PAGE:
Lisa Fathers, Bright Futures Educational Trust Co-Principal, outlines the importance of parental engagement in sports
The value of sport and wellbeing has been recognised for some time in the field of education. As an English/Drama teacher who is a Fitness Instructor in her spare time and a huge sports fan, I’m delighted: physical education has so many benefits – on the playing field, in the classroom and outside of school altogether. It encourages a team ethic, improves health, increases concentration, forms bonds and drives confidence in young people. I’ve seen first hand the incredibly empowering effect it can have on students of all ages and abilities.
The key though, is for educators to now empower the parents. I recently spoke about this at the UK Sport and English Institute of Sport (EIS) Pathways Symposium, presenting to staff working in GB performance pathways about the involvement of parents in a young person’s sporting development and ongoing education.
Research by the Department of Education has shown that educational failure increases with lack of parental interest. Without it, we see more behavioural problems, lower self-esteem and increased disengagement. This is amplified in sport: elite youth sport development quite simply fails without the support of the family. The extra curricular practice, travel and pure commitment relies on backing from home and without it, the student may not reach their full potential. These parents often put their own lives on hold too and this needs recognising.
As some pupils clearly have the ability to pursue sport as a professional career, it is our job as educators to ensure that the sports coaches and managers involved understand the sacrifice the family may be making – and work with them. It is also our job to assist the families themselves and there are a number of simple ways to do this.
1) Involve the parents from the start
We do this by involving them in the life of the school and building strong parent networks; with the PTA, steering groups, reading champions, extended family and parent governors.
On a practical level, this means good communication from the word go. Parents or guardians need to know that there is an expectation that they will be involved. A strong communication strategy including a number of channels works well – letters are great, but texts and verbal reminders are needed and a relationship will need to be built.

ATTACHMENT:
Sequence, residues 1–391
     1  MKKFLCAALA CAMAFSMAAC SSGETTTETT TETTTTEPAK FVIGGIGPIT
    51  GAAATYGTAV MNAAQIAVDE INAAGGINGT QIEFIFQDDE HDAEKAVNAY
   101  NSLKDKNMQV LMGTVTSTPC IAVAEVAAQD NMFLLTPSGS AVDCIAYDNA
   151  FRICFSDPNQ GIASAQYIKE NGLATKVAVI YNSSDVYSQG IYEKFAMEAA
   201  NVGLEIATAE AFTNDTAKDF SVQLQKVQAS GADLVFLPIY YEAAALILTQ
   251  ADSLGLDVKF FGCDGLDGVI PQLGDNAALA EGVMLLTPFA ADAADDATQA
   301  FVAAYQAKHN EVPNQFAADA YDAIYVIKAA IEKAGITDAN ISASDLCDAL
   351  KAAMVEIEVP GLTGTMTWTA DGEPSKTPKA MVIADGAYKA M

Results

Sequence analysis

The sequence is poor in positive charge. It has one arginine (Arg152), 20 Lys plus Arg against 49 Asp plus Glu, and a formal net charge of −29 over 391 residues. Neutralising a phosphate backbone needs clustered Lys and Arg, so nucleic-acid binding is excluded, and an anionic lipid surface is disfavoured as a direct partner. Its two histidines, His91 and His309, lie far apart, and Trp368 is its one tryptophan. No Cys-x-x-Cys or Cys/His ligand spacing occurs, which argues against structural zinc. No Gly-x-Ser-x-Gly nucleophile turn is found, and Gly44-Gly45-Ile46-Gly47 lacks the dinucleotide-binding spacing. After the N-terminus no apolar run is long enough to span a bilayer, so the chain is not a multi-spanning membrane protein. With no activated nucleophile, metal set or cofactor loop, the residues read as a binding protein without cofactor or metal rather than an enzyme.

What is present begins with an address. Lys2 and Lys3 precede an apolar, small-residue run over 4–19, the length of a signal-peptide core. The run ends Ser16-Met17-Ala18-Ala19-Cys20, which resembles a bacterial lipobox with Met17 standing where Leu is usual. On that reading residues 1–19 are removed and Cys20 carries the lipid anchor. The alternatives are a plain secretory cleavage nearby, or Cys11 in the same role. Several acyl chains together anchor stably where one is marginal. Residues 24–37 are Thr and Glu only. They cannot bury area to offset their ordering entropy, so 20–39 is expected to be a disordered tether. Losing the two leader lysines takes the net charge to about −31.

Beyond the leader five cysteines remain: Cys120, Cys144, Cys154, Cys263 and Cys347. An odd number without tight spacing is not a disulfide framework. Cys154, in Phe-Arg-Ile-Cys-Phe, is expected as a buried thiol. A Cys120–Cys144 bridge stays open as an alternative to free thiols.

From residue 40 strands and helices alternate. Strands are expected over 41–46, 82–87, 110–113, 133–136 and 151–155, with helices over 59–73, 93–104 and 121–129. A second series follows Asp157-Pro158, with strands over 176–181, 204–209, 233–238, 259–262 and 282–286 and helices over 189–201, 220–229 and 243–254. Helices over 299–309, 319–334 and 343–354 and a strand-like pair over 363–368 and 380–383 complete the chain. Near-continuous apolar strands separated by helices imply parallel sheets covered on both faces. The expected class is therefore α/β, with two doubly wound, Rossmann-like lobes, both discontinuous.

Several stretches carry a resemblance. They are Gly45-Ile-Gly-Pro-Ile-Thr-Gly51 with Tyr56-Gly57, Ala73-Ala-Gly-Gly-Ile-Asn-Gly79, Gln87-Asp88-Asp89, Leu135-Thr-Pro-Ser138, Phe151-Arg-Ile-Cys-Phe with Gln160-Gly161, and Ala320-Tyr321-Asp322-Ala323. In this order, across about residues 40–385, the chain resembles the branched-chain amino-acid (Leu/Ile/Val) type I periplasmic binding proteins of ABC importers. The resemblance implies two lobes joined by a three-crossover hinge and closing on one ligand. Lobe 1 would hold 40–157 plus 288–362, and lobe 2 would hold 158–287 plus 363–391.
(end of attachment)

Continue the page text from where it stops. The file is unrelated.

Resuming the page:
3) Recognise the individuals
Every family is different. Assessing the level of their engagement, and discussing any concerns they have, will provide the platform from which an educator can build a bespoke comms strategy.
4) Adapt to a parent’s needs
Recognising that some parents or guardians may themselves struggle with certain areas – literacy, mobility, social media, for example – means that we can help in providing or connecting to resources. For example, in formal meetings such as parents’ evenings, we let less engaged parents know that they can bring someone else: a grandparent, a sibling, a neighbour, if this makes them feel more comfortable.
5) Use non-threatening language
Sport is a naturally competitive area. Some non-sporting families may feel threatened. Our aim is always to reassure as much as possible. Every conversation needs to be meaningful and language is key – ‘next steps’ is a more friendly term than ‘targets’, for example.
Parents or families may not know how they can help in a non-practical way. Here we advise that they can be a role model without being a sporting role model. This is through building positive relationships, listening to the child’s feelings and demonstrating unconditional love. We recommend that they focus on the non-physical and seek to reassure the child that they won’t be missing out if they focus on their sport – and then ensure their friendship groups are kept strong.
7) Build a network
If a child is excelling in sport and a coach is looking to help them reach a professional level, it could involve a huge sacrifice on the part of the family. They may put their own interests on hold, other siblings may suffer and they may feel like a constant taxi service. We can help with this as we can encourage ‘teams’ of families with sporting children. These teams can share the role – the pride and joy and sometimes the burden they may feel it brings.
School children are naturally more aware of sport now. The legacy of the UK Olympics was illustrated perfectly by the medal haul in Rio. At a grassroots level, we see schools bringing sport into the classroom and making it a part of everyday life. There are initiatives going on all over the UK and a number of organisations such as The Youth Sport Trust that are facilitating and encouraging this. The older generations may have had different experiences in school sport so involving them in all of this can really help build enthusiasm.
As educators, we need to act as the conduit between sports coaches and parents, and facilitate the progress of young people to make it as smooth as possible. In doing this, we can continue to build on the Olympic legacy, and make sporting careers for young people a reality, instead of a dream.